This is a major oversight that must be urgently addressed. We need our own writing programs, fellowships, prizes, and so forth. We need to build a feeder system so that the cream can rise to the top, and also to make an end run around the gatekeepers of the liberal establishment.
You may have some criticisms of the project at this point. For whatever it’s worth, Bellow may have already considered them:
Now let me address a few objections. To begin with, we are not talking about what is sometimes called “cause fiction,” or, more bluntly, literary propaganda. That is simply a right-wing version of socialist realism — the demand that the arts advance a particular social and political agenda. Such works are indeed being written on the right, but that is not what most conservatives are doing.
As the founder of Liberty Island, a website that publishes fiction by conservative authors, I have read a great deal of this material and can attest that yes, their stories and novels do have political themes. But these themes are not presented for the most part in a way that is preachy or subordinates the story to the “message.” Instead the authors craft dramatic situations and pick heroes and villains that serve more subtly to advance their point of view.
. . .
A more pragmatic objection might be that conservative writers shouldn’t ghettoize themselves. But this is how such things get off the ground. All literary and artistic movements begin among enthusiasts. The impressionists boldly displayed their own rejected works in a “salon of the refused.” The literary modernists had to publish their works through small journals and privately funded presses. Both movements needed a place to congregate in order to share ideas, debate one another’s work, hone an aesthetic, and work out new critical standards. Out of this creative ferment a number of talents arose whose appeal transcended the confines of this rarefied world.
The same applies in popular music: Chicago was the home of the blues, Nashville the capital of country-and-western, Seattle the progenitor of grunge. In each case, a passionate fan base provided early support to talented artists who eventually broke out and went mainstream.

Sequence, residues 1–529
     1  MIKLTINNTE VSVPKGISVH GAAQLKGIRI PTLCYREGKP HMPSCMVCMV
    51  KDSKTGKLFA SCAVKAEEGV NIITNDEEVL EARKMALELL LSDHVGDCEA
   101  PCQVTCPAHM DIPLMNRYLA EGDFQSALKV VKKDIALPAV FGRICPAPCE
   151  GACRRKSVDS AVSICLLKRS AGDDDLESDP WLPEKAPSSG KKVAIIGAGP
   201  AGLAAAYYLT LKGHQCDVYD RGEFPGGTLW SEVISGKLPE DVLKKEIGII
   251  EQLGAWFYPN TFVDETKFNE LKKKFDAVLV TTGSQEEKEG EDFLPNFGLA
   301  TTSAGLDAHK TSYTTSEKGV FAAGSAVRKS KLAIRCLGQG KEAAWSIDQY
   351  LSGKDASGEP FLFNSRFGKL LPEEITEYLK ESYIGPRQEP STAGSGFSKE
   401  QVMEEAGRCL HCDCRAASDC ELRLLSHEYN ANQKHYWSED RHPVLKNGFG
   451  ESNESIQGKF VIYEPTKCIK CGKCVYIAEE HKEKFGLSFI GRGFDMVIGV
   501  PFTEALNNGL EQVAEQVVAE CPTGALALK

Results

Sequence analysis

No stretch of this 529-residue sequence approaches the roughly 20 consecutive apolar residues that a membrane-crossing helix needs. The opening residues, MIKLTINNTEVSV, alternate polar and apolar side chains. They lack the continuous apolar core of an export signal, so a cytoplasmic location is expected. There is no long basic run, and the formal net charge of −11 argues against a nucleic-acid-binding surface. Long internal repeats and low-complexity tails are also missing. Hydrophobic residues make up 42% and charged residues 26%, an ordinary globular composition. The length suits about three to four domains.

The new conservative creators don’t have a Greenwich Village or Seattle grunge scene to nurture their journeyman efforts. They lack the patronage of wealthy individuals and must rely on passionate enthusiasts, especially now, while they are still developing their talent and building an audience. If we want conservative Steven Spielbergs or Stephen Kings — people who tell great stories but have a right-of-center sensibility and aren’t afraid to take on the liberal thought police — we have to identify them early and support them as they rise and learn their craft.
For whatever it’s worth, Liberty Island’s own about page does use the words “conservative” and “libertarian” (mostly referring to the readers), but the page about becoming a contributing writer suggests that it might be open to anyone “whose work meets our standard of . . . ideological independence”. For whatever it’s worth, Bellow told an interviewer at PJ Media that liberal writers are welcome to apply: “Liberty Island welcomes any writer—and any reader—right or left—who values freedom and American ideals and thinks those things are worth defending.”
Meanwhile Jonah Goldberg argues that conservatives, in our pessimism, fail to see that the cultural glass is also half full. After mentioning both Liberty Island and Dinesh D’Souza’s new movie (America: Imagine the World without Her—I’ve seen it, I recommend it), Goldberg says,
I wish them great success. Still, I think there’s something missing in this ancient conversation on the right . . . . Conservatives refuse to celebrate, or even notice, how much of the popular culture is on their side.
He may have a point. (Hollywood has made at least one movie about prolonged adolescence; liberals have complained that Argo and other movies seemed surprisingly conservative.) He also gets in a good line.
One explanation is that while it is true that culture is upstream from politics, reality and, I would argue, morality are upstream from culture.
(I see that I’m not the first to mention Goldberg in connection with Bellow; Abby Schachter at Acculturated beat me to it.)
I would be interested to hear your thoughts on Bellow’s project; feel free to comment below.